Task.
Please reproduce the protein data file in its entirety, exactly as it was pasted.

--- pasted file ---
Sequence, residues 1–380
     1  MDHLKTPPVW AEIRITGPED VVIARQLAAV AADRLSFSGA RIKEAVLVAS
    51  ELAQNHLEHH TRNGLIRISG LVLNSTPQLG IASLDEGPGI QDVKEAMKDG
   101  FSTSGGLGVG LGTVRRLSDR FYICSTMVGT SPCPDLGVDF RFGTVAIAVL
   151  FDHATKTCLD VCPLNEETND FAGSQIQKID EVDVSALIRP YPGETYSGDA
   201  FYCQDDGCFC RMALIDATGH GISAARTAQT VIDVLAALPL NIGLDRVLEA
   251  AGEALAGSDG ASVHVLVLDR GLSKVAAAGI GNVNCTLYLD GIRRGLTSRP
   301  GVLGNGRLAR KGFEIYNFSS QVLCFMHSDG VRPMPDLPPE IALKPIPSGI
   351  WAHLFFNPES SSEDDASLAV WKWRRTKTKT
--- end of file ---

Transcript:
Sequence, residues 1–380
     1  MDHLKTPPVW AEIRITGPED VVIARQLAAV AADRLSFSGA RIKEAVLVAS
    51  ELAQNHLEHH TRNGLIRISG LVLNSTPQLG IASLDEGPGI QDVKEAMKDG
   101  FSTSGGLGVG LGTVRRLSDR FYICSTMVGT SPCPDLGVDF RFGTVAIAVL
   151  FDHATKTCLD VCPLNEETND FAGSQIQKID EVDVSALIRP YPGETYSGDA
   201  FYCQDDGCFC RMALIDATGH GISAARTAQT VIDVLAALPL NIGLDRVLEA
   251  AGEALAGSDG ASVHVLVLDR GLSKVAAAGI GNVNCTLYLD GIRRGLTSRP
   301  GVLGNGRLAR KGFEIYNFSS QVLCFMHSDG VRPMPDLPPE IALKPIPSGI
   351  WAHLFFNPES SSEDDASLAV WKWRRTKTKT